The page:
|Rating:||R (for bloody violence including some grisly images, strong sexual content and nudity)|
|Genre:||Action & Adventure, Art House & International, Mystery & Suspense|
|Directed By:||Morten Tyldum|
|Written By:||Ulf Ryberg, Lars Gudmestad, Jo Nesbø, Jo Nesbo|
|In Theaters:||Apr 27, 2012 Limited|
|On DVD:||Aug 28, 2012|
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Critic Reviews for Headhunters
"Headhunters" is an absurd amount of grisly fun, which is a good thing, since, looked at in any great detail, it probably doesn't hold up all that well.
By film's end, we're deep into Coen brothers territory, with an extra splash of Sam Raimi-level gore.
"Headhunters" isn't a pretty film, and it doesn't always entirely make sense, but it races along like a man chased by killers.
'Headhunters" is a frighteningly well-made thriller about an amoral art thief on the run.
Like a Teutonic techno band, this thriller is both skillfully familiar and chillingly strange.
Audience Reviews for Headhunters
Decent Norwegian thriller. Liked, didn't love.
Leave it to the Scandinavians to take a rather simple premise of an art thief and go absolutely crazy from there. The film gives you only few minutes to feel certain about anything before the next twist catches you entirely off guard. The mix of grim humor and sudden bursts of gore and violence works surprisingly well, as the protagonist falls further down the spiral and the viewer is right there with him. A highly entertaining and unique thriller Hitchcock would have enjoyed greatly.
In the aftermath of Stieg Larsson's Millennium trilogy, there has been an explosion of interest in Scandinavian thrillers and crime dramas. The popularity of Borgen, Wallander and The Killing (amongst others) has also led to a number of English-language adaptations, with Kenneth Branagh starring in the acclaimed remake of Wallander and David Fincher helming his own version of The Girl with the Dragon Tattoo.
As with all trends, however, it doesn't take long for the cutting-edge to become a cliché. The fact that Midsummer Murders is one of the most popular programmes in Denmark suggests that the popularity of Scandinavian crime stories lies more in a fascination with cultural differences than any inherent difference in quality. Words like 'bleak' and 'gritty' have become redundant descriptors for these stories, and for all their merits, their general pervasion leaves you crying out for something different. All of which brings us to Headhunters, a great little thriller which takes the gritty, stylish aesthetic of these stories and douses it with a lot of dark humour.
Purely from a technical standpoint, Headhunters is one of the most breathless and efficient thrillers in the post-Bourne era. Its first half hour in particular is frenetic, with its need to set up all the plot points trumped by its greater need to keep the story and action barrelling along at a break-neck pace. But unlike the many Bourne imitators, who have misinterpreted and misused Paul Greengrass' aesthetic, the film is not needlessly flashy in its shooting style. There is some hand-held stuff during the scenes in the woods, but otherwise there are plenty of tripods to go round.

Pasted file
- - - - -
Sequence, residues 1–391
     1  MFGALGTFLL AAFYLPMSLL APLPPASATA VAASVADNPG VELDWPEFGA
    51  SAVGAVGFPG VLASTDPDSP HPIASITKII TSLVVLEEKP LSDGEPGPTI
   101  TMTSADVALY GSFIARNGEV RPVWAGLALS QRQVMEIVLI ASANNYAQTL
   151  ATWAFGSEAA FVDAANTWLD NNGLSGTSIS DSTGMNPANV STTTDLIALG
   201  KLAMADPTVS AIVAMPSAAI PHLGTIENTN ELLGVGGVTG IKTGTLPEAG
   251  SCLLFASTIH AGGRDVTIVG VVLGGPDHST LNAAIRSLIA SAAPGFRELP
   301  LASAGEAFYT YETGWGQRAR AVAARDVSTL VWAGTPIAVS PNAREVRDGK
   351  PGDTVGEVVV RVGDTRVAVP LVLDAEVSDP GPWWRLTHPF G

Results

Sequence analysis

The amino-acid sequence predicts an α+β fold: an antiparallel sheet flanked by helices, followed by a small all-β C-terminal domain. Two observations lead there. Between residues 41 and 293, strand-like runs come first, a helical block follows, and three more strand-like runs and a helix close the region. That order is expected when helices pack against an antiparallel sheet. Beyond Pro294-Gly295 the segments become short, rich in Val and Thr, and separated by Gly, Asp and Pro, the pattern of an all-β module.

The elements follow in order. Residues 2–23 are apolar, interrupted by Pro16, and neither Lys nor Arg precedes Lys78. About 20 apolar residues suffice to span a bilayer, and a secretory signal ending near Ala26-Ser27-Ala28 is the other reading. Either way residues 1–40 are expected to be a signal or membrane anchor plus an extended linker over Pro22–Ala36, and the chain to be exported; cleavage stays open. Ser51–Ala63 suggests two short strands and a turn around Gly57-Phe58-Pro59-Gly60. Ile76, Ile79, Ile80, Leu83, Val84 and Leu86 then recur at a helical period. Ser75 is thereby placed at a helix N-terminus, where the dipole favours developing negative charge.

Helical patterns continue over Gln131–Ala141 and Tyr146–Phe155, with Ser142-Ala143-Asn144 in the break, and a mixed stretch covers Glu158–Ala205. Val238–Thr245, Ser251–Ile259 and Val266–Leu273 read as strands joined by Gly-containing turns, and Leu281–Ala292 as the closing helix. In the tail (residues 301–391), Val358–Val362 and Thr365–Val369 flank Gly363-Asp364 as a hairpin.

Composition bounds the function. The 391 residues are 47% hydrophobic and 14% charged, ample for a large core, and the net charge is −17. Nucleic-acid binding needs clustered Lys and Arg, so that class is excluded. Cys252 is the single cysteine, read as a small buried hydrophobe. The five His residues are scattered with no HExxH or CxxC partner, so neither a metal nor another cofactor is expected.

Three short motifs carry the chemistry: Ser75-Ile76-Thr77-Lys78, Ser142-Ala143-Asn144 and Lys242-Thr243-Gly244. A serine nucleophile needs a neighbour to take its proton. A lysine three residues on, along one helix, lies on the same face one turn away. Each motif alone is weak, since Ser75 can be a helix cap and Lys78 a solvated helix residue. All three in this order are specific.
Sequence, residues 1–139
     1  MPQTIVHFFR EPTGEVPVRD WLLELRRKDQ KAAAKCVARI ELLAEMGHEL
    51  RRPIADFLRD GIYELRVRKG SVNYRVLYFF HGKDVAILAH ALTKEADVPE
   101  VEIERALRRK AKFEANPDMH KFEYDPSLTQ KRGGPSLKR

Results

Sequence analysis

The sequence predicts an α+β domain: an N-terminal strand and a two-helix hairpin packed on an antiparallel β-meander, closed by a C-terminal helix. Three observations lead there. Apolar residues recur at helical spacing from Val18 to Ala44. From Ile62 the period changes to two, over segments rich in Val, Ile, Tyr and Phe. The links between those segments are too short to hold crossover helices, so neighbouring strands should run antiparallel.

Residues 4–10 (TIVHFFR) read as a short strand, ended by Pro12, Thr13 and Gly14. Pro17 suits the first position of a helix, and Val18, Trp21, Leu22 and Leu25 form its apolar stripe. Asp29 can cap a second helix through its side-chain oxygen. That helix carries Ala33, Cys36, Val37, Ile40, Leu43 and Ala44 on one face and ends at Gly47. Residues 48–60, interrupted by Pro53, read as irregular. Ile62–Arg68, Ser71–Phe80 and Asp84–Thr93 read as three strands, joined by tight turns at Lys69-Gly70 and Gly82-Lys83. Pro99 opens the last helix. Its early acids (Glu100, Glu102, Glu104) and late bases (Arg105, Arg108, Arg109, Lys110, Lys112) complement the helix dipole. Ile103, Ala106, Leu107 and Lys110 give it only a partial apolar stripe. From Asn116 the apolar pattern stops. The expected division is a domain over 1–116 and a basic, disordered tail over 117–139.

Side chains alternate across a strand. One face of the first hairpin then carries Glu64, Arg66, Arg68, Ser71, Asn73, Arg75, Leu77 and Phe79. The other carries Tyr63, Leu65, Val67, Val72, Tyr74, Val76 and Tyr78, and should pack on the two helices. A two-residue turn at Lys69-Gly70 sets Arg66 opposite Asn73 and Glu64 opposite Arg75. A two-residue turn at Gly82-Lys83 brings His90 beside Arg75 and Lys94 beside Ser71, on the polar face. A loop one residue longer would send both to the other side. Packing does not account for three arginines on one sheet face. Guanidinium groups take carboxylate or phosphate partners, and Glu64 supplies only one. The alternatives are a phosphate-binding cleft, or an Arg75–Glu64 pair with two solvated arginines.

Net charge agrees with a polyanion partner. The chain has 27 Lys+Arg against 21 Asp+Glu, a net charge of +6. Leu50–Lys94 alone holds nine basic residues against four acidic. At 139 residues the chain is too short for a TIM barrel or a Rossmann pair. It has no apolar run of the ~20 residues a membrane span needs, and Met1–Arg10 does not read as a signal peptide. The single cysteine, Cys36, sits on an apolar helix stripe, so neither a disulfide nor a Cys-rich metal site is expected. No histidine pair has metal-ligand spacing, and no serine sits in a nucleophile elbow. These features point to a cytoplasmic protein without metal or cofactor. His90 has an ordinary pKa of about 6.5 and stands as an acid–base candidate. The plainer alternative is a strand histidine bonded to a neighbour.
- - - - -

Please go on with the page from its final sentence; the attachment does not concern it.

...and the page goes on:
Because of this breathlessness, Headhunters avoids one of the big traps of the crime thriller genre - namely the belief that a bleak, forbidding atmosphere can only be achieved by slow pacing. The film does slow down at certain points, allowing the more intimate moments to breathe and to increase the tension during the near-misses in the chase. But Tyldum Mortem is careful never to let these scenes drag or otherwise interfere with the fun. This steady hand works in the film's favour in the opposite way: it gives off such a level of confidence that we don't ever get the sense that it would all fall apart if it did slow down.
The film also boasts great cinematography, courtesy of John Andreas Andersen. The opening section is incredibly stylish, with a crisp, glossy feel akin to The Social Network or the thrillers of Michael Mann. As the various plot points develop, Anderson matches the darker comedy with harsher and nastier tones, turning the colour palette right down and lightening the blood in a realistic manner. What little special effects there are in the film are also effective thanks to Andersen's work; we know full well that a real dog wasn't killed in the film, but it looks so real that you do stop and wonder, if only for a second.
On top of any visual similarities, the plot of Headhunters knowingly tips its hat to a number of other thrillers. There is a close comparison to the Coen Brothers' debut Blood Simple; both have a ruthless efficiency and are characterised by a balance of dark humour and dramatic tension. Making the main character an art thief immediately calls to mind The Thomas Crown Affair, though the film is tonally closer to the John McTiernan remake than the original. The truck sequence is arguably an elaborate reference to Steven Spielberg's Duel, and the scenes in the hospital are highly reminiscent of The Fugitive.